Writings About Saints
Have your faith and hope been increasing this week? They should be. The two most important public events of the past week have been the Solemnity of All Saints and the Commemoration of All Souls…
Jesus summoned His disciples and said, “My heart is moved with pity for the crowd, for they have been with Me now for three days and have nothing to eat. I do not want to send them away hungry, for fear they may collapse on the way.”
When the high school students begin their semester exams, and the seminarians begin their rigorosa, and the temple leaders seek to trap Jesus by starting an argument with a false premise—we briefly examine the role of reason and faith as modeled by the early Roman martyr St. Justin.
Brothers and sisters, I am speaking in human terms because of the weakness of your nature.
Writings For Spiritual Growth
We are all of us here this morning to celebrate the rising of our Lord Jesus Christ from the dead. This is not a metaphorical event, a wish of believers transposed onto reality, but the real reunion of His human soul returning from Limbo with His human body lying in the Holy Sepulcher. It is into this historical event that we are incorporated, that we partake and claim as our own identity, through holy baptism.
Rising from the dead is an experience not just of Christ on Easter morning, nor of mankind as a whole on the Last Day, but of everyone who, like the women in the Gospel, departs from the tomb, the place needed on account of sin’s just punishment; departs from the death of sin through the mercy and forgiveness of Christ; departs quickly because we should never delay our conversion or dawdle in our iniquity.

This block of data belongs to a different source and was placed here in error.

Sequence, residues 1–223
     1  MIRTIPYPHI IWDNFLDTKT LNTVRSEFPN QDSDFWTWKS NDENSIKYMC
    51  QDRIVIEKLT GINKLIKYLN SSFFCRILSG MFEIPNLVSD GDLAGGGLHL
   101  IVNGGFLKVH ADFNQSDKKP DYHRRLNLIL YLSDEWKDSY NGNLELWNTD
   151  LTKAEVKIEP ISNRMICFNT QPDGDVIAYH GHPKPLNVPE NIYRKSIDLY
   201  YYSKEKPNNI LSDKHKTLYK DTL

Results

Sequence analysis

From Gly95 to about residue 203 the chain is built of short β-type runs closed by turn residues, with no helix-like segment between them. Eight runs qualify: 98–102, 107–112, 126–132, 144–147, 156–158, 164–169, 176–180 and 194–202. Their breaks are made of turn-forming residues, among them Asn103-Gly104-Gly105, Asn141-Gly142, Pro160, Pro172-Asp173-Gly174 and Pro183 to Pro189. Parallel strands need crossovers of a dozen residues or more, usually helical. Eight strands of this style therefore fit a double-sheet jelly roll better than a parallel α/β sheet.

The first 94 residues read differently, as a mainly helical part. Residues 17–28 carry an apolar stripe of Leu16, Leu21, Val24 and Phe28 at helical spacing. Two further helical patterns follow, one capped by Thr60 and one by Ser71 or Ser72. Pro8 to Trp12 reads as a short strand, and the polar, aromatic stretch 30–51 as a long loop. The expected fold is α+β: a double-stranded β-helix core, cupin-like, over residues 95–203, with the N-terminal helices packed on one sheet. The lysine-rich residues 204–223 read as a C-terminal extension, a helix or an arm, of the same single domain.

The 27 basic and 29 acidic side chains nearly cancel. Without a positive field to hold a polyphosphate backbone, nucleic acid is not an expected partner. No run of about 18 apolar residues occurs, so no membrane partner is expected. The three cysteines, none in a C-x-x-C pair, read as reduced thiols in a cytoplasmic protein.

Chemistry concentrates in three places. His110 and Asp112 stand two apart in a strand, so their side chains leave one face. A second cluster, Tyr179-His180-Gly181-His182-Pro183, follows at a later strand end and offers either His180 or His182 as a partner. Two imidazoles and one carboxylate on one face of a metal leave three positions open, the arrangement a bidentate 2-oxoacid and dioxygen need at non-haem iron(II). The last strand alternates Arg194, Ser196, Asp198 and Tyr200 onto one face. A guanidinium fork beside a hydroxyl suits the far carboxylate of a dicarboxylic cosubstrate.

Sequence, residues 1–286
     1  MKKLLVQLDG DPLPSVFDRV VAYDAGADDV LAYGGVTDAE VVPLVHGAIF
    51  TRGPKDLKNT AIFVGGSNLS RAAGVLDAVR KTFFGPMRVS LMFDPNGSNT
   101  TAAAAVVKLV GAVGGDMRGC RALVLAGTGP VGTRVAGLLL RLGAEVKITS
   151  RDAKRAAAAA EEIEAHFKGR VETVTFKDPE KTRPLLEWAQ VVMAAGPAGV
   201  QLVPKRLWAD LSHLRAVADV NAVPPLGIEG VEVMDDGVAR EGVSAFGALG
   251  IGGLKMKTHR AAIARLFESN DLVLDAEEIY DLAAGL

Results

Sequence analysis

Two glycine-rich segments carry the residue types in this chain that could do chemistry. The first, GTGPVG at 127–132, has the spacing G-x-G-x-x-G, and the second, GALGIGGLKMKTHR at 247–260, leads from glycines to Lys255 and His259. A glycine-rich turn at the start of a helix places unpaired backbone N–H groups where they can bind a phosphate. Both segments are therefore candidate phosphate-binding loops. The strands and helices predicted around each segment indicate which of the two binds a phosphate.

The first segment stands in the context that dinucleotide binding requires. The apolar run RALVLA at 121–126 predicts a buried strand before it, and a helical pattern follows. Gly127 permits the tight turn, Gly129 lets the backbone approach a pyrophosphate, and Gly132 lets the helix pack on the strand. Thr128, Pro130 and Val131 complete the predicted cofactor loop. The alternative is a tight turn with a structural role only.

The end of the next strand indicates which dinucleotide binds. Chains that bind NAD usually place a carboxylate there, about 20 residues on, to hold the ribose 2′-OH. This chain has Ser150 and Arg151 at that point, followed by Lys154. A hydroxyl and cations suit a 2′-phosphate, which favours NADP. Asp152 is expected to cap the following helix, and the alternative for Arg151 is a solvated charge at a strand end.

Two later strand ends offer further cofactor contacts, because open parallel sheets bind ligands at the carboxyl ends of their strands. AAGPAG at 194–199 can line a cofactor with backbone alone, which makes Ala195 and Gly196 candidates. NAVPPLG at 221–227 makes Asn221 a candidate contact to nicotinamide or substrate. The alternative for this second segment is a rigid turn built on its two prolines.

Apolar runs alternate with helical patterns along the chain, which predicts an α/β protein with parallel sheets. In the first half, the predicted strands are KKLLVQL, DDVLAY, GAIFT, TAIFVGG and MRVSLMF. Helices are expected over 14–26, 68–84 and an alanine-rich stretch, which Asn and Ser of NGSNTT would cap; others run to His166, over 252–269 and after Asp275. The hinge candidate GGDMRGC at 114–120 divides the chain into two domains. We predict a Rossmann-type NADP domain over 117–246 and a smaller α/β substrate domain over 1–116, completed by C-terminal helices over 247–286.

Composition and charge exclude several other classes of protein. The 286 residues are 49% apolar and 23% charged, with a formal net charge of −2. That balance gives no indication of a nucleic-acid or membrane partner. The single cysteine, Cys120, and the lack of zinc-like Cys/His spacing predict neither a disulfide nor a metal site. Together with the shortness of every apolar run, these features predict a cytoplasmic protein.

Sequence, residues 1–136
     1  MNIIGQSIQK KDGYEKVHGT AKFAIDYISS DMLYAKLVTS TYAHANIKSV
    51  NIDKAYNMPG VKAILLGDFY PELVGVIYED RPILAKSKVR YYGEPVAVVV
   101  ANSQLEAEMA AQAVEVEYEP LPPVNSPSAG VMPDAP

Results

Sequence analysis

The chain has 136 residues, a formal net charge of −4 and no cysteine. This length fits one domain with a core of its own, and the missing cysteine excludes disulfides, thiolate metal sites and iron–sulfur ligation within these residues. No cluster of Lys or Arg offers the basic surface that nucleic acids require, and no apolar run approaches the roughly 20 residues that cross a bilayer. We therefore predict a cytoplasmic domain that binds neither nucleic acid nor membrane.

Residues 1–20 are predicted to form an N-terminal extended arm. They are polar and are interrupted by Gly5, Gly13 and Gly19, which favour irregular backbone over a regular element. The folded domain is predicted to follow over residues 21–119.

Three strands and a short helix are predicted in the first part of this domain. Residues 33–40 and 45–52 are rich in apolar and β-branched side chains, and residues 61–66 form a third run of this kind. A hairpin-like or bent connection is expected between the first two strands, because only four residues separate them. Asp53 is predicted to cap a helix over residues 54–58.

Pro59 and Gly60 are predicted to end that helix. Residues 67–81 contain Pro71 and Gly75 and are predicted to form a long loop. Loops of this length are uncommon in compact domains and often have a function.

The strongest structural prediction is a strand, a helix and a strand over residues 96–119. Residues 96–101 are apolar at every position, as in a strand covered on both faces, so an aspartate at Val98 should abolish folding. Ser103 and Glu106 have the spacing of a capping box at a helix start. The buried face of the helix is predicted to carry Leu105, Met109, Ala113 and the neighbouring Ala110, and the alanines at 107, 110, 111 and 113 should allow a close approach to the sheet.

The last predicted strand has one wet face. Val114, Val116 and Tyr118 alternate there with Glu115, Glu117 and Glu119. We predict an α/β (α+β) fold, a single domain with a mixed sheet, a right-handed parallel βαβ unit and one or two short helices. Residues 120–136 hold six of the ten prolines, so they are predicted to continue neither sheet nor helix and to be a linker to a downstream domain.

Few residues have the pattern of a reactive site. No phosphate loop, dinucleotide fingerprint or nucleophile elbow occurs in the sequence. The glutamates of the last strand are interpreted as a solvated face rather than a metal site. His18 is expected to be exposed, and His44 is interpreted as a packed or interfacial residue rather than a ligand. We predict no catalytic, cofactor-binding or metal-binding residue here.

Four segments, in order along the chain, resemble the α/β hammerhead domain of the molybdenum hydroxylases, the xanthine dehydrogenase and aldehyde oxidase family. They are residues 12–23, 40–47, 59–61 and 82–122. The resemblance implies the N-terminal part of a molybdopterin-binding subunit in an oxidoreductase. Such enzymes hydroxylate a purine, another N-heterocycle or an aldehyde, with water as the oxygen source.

“Therefore, brethren,” says St. Paul, “since through the blood of Jesus we have confidence of entrance into the sanctuary by the new and living way He opened for us through the veil, that is, His flesh…let us approach with a sincere heart and in absolute trust, with our hearts sprinkled clean from an evil conscience.”
“The body of the man on the shroud has sustained an incredible amount of trauma. He has been beaten and lacerated so severely, but the face is so serene. The two,” he said, “the two just don’t go together.” Trying to make sorrow and glory go together, trying to make sense of it all – This is not only the constant theme of Triduum and certainly of the Easter Octave, but also of our Christian lives.
I bring you all solemn and terrible news. This morning in Jerusalem the sun did not rise, nor did he rise in Athens or at Rome or over Paris or New York or Chicago or Los Angeles, or in this place in which we gather, or in any place whatever from East to West.
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– St. John Vianney
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